Schneider Weisse is Germany’s oldest wheat beer brewery, dating back to 1872. Prior to that, the Bavarian royal family held the exclusive rights to brew wheat beer, but when King Ludwig II decided to get out of the business, Georg Schneider bought the royal brewery. The company has stayed in the Schneider family ever since with the sixth-generation Georg Schneider currently in charge.
Weissbier is a traditional and popular style that is now brewed by dozens—perhaps even hundreds—of breweries in Germany, and comes in a range of styles, including Hefeweizen, which is unfiltered with yeast remaining in suspension; Kristallweizen, which is filtered; and darker/stronger versions such as Dunkelweizen or Weizenbock.
While the German brewing industry in general has been reluctant to join the predominantly North American craft beer revolution, rather sticking to traditional German styles almost across the board, Schneider has shown some interest in trying new things. The first sense of this was its collaboration with Brooklyn Brewery that resulted in a hybrid Weissbier called Brooklyner-Schneider Hopfenweisse (hoppy wheat beer), which was brewed for the first time in 2007 and has since been released annually (I believe) in limited batches.
Schneider first released Mein Nelson Sauvin in 2011. It is packaged in a beautifully designed 750-ml bottle that is ideal for bottle conditioning. Each bottle is numbered and dated.
The name refers to the Nelson Sauvin hop variety from New Zealand, which is the dominant aroma hop used in the brew. It was bred and released commercially in 2000, and is known for its aroma of “fresh crushed gooseberries,” a descriptor often used for the grape variety Sauvignon Blanc, hence the name. Personally, I don’t really know a gooseberry from goose liver paté, but to my palate, the aroma is very grapey, but in a sweet, candy-like way , much like how Amarillo hops are reminiscent of Tang more than actual tangerines, in my opinion. I think Nelson Sauvin is a wonderful hop variety that has not been utilized very much in BC yet—it features prominently in Nelson Brewing’s Full Nelson Imperial IPA, which I reviewed here in May.
Mein Nelson Sauvin
7.3% ABV / 750 ml
Limited availability in private liquor stores only
I love Weissbier. I have ever since my first taste of a proper Hefeweizen on the first night of my backpacking trip to Europe back in 1991. More recently, I travelled to Germany for Oktoberfest in 2011 to celebrate my buddy Shawn’s 40th birthday. On our way to Munich from Frankfurt, we drove down through the Black Forest and then through the wine- and hop-growing region along the Bodensee that borders southern Germany. Everywhere we stopped, we sampled the local Weissbier—each town seemed to have its own local brew and each one was delicious and just different enough to be unique. Generally the flavour differences have to do with the type of yeast and ratio of barley and wheat malts used in the brew; hops don’t usually play a significant role in Weissbier. But in this special release from Schneider, the Nelson Sauvin hops are front and centre.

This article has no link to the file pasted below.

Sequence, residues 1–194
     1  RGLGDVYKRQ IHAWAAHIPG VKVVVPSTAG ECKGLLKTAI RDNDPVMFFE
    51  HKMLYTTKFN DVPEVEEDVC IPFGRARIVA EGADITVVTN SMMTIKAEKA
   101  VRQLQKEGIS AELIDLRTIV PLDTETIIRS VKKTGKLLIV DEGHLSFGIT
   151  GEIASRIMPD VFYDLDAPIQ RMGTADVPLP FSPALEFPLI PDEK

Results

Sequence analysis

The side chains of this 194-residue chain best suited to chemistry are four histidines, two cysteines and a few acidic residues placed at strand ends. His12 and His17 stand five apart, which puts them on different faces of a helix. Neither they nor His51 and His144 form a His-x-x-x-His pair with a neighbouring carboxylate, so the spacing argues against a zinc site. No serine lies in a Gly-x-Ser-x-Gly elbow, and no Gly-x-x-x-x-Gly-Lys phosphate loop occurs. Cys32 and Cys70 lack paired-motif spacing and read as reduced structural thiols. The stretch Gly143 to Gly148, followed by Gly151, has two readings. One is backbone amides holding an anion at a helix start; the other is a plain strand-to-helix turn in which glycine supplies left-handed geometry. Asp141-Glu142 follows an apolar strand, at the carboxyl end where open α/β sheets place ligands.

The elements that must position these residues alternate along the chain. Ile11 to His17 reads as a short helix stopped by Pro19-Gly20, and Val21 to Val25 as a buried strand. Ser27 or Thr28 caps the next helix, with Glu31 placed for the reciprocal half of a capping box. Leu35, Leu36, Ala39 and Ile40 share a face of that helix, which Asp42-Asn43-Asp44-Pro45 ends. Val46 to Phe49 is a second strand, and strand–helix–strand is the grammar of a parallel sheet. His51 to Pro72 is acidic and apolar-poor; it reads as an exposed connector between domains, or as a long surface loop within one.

Pop the top on this stylish bottle and you will instantly notice a sweet, fruity aroma. Pour it into a good, suitable glass that you can get your nose into and breathe deeply. There are heaps of grape and berry aromas—I flashed back to neon-coloured Kool-Aid concoctions and candy store visits from my childhood so it’s more of a candy grape aroma than actual grapes or wine. As with the tropical citrus/grapefruit-tinged hops that work so well in big IPAs, this aroma is instantly mouth-watering and very appealing. Behind the hop aroma, I also detected the characteristic banana/bubblegum scent generated by the yeast in proper German Hefeweizens.
The beer pours beautifully: a hazy orange with a very creamy head. Bottle-conditioned using a Belgian yeast (according to the label), the carbonation is high, but settles down quickly. The first sip is very satisfying—the beer is as good as it looks and smells. It is creamy, fruity and slightly spicy.
Typically, Weissbier is brewed at about 5% ABV, but this one has been amped up to 7.3%, reminiscent of the excellent King Heffy Imperial Hefeweizen from Howe Sound Brewing, which is one of my favourite BC beers. Without actually comparing them side-to-side, I’d say King Heffy has a bigger malt/yeast flavour profile than this, although I’m sure Schneider wanted to provide a softer foundation so the Nelson Sauvin hops would really jump out. (Hey Howe Sound, maybe you should try a special version with Nelson Sauvin hops to see how it compares.)
All in all, this is an excellent beer, especially for Weissbier fans. It is quite expensive ($12.99 at Cascadia Liquor in Victoria where I found it) so it won’t fit into everyone’s budget, but if you can afford it, it is exceptional and unique.